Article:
All you do is Play: Why Play Therapy is more than Play
When storm clouds are looming and the waters of life are getting rough, it is often difficult to know how to navigate the dark and choppy waters. We may feel alone and steering through the waters without a chart to guide us. It is especially challenging when a child is adrift. Finding the right help can be confusing and overwhelming. At Waters Edge, our goal is to provide guidance to help you navigate the murky waters, identify resources you have and obtain the healing that you seek.
The following are some frequently asked questions (FAQ) to help you chart the course.
What is the difference between traditional talk therapy and play therapy?
Play therapy is much more than play. The heart of play therapy lies in the function of play and in the positive relationship that is built between the client and the Play Therapist. Clients learn how to communicate their experiences, express their inner worlds and feel emotional safety. A credentialed Registered Play Therapist (RPT) or Registered Play Therapist Supervisor (RPT-S) has extensive training, supervision and certification to help clients in prevention or management of life’s struggles. The Association for Play Therapy (APT) describes the Play Therapist’s role as “applying the therapeutic power of play to communicate with and treat clients, particularly children.”
In his book Play Therapy: The Art of the Relationship, Garry Landreth writes that “Toys are children’s words and play is their language.” Spontaneous play is for itself, there is no other goal. Play therapy, however, has a therapeutic goal.
How does play therapy help?
Play therapy helps clients work through emotions and thoughts that are often too difficult to verbalize. Through play, clients can practice problem solving skills, learn alternative ways of managing problems, use coping strategies and develop ways to manage confusing and mixed up emotions . Clients learn how to address and manage their own problems to utilize healthier solutions.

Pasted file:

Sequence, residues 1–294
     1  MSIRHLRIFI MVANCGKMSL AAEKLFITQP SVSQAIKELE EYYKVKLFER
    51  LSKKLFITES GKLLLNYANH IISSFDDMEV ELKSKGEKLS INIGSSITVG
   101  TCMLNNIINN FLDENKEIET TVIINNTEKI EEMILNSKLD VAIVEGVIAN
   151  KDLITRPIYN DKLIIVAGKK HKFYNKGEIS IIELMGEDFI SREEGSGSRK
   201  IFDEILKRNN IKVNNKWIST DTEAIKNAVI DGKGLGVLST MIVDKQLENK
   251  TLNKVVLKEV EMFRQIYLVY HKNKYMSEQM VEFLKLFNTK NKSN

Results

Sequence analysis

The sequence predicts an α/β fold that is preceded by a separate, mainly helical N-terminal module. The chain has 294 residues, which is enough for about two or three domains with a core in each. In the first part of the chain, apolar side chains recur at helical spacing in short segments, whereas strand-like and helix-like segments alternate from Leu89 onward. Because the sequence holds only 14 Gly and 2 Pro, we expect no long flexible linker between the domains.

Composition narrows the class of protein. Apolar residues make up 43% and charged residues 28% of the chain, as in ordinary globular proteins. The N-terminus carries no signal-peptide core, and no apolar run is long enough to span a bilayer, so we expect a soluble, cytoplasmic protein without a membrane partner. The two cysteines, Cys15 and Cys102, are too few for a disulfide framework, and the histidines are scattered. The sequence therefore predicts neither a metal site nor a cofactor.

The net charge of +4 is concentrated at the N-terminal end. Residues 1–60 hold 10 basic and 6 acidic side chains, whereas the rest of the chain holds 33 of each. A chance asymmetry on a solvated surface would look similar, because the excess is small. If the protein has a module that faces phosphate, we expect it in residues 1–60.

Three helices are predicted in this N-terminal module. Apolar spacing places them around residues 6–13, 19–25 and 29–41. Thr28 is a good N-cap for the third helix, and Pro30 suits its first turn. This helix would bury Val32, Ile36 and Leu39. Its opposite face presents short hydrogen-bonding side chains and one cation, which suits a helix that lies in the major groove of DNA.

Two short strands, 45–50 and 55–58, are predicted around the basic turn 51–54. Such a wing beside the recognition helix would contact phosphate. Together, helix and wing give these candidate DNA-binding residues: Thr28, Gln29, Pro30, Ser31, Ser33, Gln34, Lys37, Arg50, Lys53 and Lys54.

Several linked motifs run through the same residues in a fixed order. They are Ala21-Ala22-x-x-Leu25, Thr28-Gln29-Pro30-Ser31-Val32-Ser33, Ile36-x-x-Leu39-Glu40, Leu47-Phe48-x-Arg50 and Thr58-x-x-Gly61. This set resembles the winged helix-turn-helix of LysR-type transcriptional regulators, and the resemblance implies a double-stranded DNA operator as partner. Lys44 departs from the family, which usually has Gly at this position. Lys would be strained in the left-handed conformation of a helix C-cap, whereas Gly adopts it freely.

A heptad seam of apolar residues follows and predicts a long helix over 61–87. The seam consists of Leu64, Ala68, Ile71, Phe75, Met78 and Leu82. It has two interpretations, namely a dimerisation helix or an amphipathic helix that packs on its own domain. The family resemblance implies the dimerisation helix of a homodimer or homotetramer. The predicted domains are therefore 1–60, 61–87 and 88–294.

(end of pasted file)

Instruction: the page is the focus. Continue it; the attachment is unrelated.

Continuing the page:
Play therapy often helps the client and client’s support system gain insight into the feelings and behaviors that are being expressed. The family plays an important role in play therapy. Families and other support people begin to look at things in a different light. Patterns are often identified and strategies to interrupt those patterns are developed with the support of the entire family. Regular communication with families and other support systems is often a vital part of play therapy.
Is Play Therapy just for Children?
Play therapy and play therapy strategies benefit children, adolescents, adults, couples, and families. The bottom line is play therapy is for EVERYONE! Expressive arts strategies aid clients in expressing feelings, thoughts and experiences that may be left unspoken. Some of the strategies a play therapist may use with all clients are sandtray, art, music, and movement. Play is the natural way to stimulate the mind, boost creativity and solve problems.
The Registered Play Therapists at Waters Edge are available to help you navigate the waters of life. We hope you will give us a call at 479-621-0301.
For more information on Play Therapy:
Association for Play Therapy http://www.a4pt.org/
Brown, S. (2009). Play: How it shapes the brain, opens the imagination, and invigorates the soul. New York, NY: Penguin Group.
Landreth, G. (2012). Play therapy: The art of relationship (3rd ed.) New York, NY: Routledge.